How do you get on to a PhD? From the daunting UCAS form they knew a bit about the difference between 3- and 4-year courses, and wanted to hear about how employability prospects varied between the two. It honestly depends on what you want to do. If you want a career in the city (which the majority of physicists do) a 3-year course, and an impressive history of summer internships at banks, will be more than enough. The numerical, logical and analytical skills you gain a physics degree leave you leagues ahead of other graduates when entering the city. If you’re keen for research, industry or R&D, a 4-year course is definitely the better option. In the final year you do a 7-month research placement, working on a scientific question with a team of PhD students and post docs. It was the first time I’d been given real freedom in a science lab- granted I didn’t have full swipe card access to all the good stuff, but the ability to be creative in scientific experiments takes physics out of textbooks and into your own hands. When the keys to the half-a-million-pound laser system and swipe card access came with my PhD, I was over the moon. After the research placement (an ‘MSci-year’), the academic whose team have trained you are reluctant to let you go- you may have made an impressive discovery, mastered a new skill or have become a global expert in what you do. They will work like crazy to secure funding to get you to stay. And then you get PAID to do the physics you’ve always paid to do. So my advice is to look around widely for your MSci project, figure out what does and doesn’t get you excited and find a research group with whom you’d be comfortable spending a lot of time. For those that aren’t sure during their final year, DTCs (or CDTs), Doctoral Training Centres, where you complete a one year MRes (Masters of Research) followed by a 3-year PhD are the way forward. Whilst you figure out what you might like to research you’re taught the basics of a specific discipline (i.e. Plastic Electronics), and are taught by a range of academics with different PhD projects to choose from. You’re also in a small ‘cohort’, which is kind of like your class at school.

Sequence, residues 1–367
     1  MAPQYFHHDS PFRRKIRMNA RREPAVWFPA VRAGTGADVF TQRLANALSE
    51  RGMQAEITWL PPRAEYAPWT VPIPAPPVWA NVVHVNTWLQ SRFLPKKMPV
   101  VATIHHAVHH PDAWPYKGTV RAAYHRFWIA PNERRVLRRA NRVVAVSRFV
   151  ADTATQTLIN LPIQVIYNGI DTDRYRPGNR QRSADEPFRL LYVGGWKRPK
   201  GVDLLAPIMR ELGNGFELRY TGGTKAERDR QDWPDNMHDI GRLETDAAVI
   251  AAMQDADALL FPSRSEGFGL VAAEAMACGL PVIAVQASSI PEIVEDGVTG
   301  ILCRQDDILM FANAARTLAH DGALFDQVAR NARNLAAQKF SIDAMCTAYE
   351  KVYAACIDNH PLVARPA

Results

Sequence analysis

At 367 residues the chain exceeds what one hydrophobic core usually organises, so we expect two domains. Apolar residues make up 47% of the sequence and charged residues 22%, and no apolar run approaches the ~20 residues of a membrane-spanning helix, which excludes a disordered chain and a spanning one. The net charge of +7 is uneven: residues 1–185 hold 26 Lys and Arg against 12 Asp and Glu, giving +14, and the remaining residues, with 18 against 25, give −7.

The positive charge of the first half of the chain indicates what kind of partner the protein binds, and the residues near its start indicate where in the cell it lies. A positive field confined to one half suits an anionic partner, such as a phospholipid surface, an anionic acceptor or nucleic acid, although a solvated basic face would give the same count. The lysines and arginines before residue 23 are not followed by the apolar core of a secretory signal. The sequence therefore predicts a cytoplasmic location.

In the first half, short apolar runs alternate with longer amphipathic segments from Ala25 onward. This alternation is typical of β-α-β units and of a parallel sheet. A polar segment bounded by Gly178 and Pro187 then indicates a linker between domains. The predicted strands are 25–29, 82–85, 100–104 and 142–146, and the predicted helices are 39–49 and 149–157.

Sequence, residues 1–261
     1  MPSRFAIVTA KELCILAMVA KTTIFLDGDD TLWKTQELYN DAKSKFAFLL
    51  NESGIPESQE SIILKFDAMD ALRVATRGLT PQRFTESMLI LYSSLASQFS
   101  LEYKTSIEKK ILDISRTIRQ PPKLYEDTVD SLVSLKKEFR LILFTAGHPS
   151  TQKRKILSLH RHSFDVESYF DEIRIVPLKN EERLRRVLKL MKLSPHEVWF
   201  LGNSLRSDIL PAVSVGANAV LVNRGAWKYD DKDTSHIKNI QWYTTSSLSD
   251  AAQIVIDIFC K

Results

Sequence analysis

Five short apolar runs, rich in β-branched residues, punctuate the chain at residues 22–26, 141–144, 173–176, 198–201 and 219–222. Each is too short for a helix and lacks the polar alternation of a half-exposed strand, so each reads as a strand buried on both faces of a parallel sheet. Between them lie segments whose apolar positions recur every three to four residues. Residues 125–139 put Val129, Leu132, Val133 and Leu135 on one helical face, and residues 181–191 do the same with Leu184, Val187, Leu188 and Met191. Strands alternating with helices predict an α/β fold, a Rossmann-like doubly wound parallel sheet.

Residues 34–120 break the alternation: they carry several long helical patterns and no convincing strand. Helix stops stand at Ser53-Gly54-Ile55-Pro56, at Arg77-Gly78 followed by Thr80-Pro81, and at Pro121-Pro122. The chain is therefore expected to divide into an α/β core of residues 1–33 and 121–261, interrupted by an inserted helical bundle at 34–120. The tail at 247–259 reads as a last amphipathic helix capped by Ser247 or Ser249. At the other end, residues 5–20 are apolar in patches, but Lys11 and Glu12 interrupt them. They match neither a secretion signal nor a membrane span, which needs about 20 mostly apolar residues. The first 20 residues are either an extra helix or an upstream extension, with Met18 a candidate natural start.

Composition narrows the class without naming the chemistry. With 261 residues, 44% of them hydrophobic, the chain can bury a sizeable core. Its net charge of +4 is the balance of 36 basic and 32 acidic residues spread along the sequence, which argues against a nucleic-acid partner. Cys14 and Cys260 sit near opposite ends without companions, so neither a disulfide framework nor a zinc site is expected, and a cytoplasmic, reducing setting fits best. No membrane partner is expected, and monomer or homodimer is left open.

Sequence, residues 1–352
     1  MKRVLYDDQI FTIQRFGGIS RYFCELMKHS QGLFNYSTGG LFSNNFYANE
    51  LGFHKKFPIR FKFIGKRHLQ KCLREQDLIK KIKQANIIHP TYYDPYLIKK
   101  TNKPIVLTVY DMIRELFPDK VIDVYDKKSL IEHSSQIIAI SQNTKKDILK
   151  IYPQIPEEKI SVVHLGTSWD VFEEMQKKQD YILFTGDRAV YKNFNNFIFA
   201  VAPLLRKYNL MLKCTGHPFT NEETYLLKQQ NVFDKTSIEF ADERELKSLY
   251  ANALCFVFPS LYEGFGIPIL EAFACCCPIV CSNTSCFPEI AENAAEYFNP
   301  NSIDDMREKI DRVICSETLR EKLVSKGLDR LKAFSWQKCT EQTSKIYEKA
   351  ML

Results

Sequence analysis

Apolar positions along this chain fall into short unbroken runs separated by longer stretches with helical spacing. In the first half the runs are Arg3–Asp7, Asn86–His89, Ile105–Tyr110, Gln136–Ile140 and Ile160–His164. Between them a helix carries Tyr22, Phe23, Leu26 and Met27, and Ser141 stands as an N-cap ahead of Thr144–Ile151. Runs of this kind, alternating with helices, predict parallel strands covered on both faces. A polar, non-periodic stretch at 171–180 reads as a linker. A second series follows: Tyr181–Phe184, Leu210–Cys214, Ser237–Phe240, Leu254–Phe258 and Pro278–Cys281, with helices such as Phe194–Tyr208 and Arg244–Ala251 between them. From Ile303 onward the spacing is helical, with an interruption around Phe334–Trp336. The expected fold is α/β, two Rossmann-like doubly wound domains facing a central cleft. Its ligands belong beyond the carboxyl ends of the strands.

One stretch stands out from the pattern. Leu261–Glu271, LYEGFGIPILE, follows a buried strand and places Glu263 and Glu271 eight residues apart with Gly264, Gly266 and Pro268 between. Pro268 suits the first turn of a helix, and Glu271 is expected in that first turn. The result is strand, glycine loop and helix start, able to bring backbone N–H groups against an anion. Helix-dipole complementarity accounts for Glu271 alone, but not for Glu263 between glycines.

How flexible are the hours? A PhD is probably the most fun you’ll ever have as a scientist. You call the shots work-wise: you can do experiments whenever you like, travel the world to talk about your research and work with the most intelligent people you’ll ever meet. You can also decide what time and when you go in. I love the lab super early in the morning. Lots of people work on the weekends or by nightfall.
What can they do now? We had a long chat about what the students could do to prepare for university applications and life at university. I told them about the millions of science challenges and competitions they could be entering, the IOP, RAEng, RSC, RI and IET evening lecture series, science festivals and the summer schools/ work experience placements. What’s really important is to keep an ‘experience diary’ (call it what you will ;)) where you track all the people you meet and the science you hear about. What admissions tutors want to hear is who and what inspired you, and what it made you ‘feel’. It’s not ‘just enough’ to have been to a museum, seminar or debate- how did you respond differently to the hundreds of other people in the audience?
Please e-mail me if you have any more questions about studying physics, applying for a PhD or going to university.